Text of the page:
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Dramatic increase in enrollment for non-credit ESL courses

Updated: Apr 17

Students from Russia, Ukraine and Armenia flock to Valley College’s ESL program.

By Katherine OBrien Field, Staff Writer and Copy Editor


Oksana Ulianchenko succeeds in ESL program. Photo taken March 20. (Astrid Cortez | Valley Star)



According to an internal President’s email, non-credit ESL, ESL-Civics and Computer Literacy enrollment has increased by 77 percent since 2022, due to an influx of students from Armenia, Ukraine, and Russia. 


The three non-credit ESL (English as a Second Language) courses include English, English-Civics, and Computer Literacy. In addition to learning English, students can study American history and civics, to prepare for the citizenship exam. The entire program is open entry and open exit, so that students may join or leave at any time, as long as there is a seat. All the classes are free and students can get a Certificate of Completion at the end of the course. 


“Certificates look good on a resume, it's not a degree and not transferable because it’s uncredited, but certificates give satisfaction and confidence - which matter,” said Department Chair of Continuing Education Administration and Career Advancement, Lilit Davoyan. “Non-credit classes are a point of entry for students who are trying to adapt to the U.S. and its educational system. Here they can learn the language without the pressure of credit and units.”


There is a brief, ESL-friendly online application. Davoyan said that the college’s goal for the non-credit ESL student is to transfer to the school’s regular curriculum so that they can get the units needed to get a degree. However, students are not required to move to regular enrollment and many students already have jobs. 


Lynne Brower founded the non-credit ESL program in 2008 under the title of Continuing Education Director until 2015, when the program was approved to be a Department. Thereafter, Brower became Chair of the Counseling Department.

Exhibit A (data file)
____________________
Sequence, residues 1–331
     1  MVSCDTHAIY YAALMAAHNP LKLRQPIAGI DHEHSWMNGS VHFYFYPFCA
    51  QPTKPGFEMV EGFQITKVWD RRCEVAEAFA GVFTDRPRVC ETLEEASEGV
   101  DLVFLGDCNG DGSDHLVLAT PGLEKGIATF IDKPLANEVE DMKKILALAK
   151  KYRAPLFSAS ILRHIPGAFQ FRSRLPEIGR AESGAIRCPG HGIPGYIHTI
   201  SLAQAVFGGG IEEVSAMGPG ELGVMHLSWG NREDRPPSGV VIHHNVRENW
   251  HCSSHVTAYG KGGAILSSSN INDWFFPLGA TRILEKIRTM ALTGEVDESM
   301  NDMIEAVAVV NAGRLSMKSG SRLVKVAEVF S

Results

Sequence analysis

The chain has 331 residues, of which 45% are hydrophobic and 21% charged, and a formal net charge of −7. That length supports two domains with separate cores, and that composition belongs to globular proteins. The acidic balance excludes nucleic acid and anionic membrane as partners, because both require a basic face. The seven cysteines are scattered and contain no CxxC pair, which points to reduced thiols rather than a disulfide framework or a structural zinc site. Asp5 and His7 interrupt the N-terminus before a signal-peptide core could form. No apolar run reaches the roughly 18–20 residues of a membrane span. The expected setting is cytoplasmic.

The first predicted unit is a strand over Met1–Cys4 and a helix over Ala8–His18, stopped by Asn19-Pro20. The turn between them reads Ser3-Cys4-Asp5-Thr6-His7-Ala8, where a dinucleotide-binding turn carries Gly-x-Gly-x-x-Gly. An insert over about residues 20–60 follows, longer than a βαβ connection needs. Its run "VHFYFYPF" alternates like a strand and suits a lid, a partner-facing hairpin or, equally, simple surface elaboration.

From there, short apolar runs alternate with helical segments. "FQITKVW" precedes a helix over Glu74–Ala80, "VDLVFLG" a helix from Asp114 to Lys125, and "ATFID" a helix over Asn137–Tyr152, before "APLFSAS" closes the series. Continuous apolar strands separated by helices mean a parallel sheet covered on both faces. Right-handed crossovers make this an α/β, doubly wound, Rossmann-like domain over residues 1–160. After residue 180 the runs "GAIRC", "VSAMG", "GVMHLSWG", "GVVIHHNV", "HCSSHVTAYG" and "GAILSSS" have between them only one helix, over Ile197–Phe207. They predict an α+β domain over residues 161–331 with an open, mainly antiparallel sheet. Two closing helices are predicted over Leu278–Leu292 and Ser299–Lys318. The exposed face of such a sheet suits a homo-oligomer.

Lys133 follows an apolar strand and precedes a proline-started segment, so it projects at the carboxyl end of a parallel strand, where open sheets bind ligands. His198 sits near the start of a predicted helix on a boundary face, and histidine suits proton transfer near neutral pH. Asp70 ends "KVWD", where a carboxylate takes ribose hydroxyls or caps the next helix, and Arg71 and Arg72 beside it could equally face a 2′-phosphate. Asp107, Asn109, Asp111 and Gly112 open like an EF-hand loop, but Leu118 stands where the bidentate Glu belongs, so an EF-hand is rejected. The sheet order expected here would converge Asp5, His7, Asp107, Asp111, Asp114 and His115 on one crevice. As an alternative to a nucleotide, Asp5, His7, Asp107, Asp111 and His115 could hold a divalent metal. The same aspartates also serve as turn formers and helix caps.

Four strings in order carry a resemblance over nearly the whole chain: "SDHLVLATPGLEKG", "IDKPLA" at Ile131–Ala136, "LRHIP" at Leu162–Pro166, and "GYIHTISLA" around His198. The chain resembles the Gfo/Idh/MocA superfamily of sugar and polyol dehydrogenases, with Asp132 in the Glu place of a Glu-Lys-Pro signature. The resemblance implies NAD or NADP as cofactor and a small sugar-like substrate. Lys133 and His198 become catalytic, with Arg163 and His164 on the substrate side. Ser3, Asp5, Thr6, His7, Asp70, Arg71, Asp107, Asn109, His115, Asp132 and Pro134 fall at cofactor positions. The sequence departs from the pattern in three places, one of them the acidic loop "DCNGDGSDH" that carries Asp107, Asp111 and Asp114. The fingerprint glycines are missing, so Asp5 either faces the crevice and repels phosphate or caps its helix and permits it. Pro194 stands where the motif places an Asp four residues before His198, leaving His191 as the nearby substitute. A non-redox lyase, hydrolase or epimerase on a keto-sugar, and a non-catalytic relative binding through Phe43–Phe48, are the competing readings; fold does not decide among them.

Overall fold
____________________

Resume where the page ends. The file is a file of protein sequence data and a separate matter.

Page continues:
“I began the non-credit ESL program in 2008, with one single student. When I retired in 2017, we had 200 students,” Brower said. “When we first began, most of our students were from Mexico, South America, and Armenia. By 2017, we had more Russian and Armenian students. Since our attendance kept increasing, we received additional instructors and staff. The increase in enrollment was slow and steady over time.” 


LACCD Vice Chancellor of Institutional Effectiveness Maury Pearl produced the 2021-2022 and 2022-2023 Non-Credit Adult Education Program data, showing that the year over year increase in enrollment went from 2,987 to 5,842, a 98.88 percent increase in one year. That means from 2017, when Brower remembers there being about 200 students, the Department has increased its enrollment over 29 times in five years. 


“Most of the new students are of Ukrainian, Russian, and Armenian origin, based upon my physical observation,” said Davoyan. One such student is Oksana Ulianchenko. 


“The online classes are great for me,” said Oksana, whose family, after 12 years, won the Ukraine Green Card Lottery and came to the U.S. in 2019. “They are so well organized, which makes studying very comfortable. Modern technologies allow this, and these technologies are very easy to use. Despite the densely filled classes (30-40 people), one gets the feeling of an individual lesson with a teacher.”

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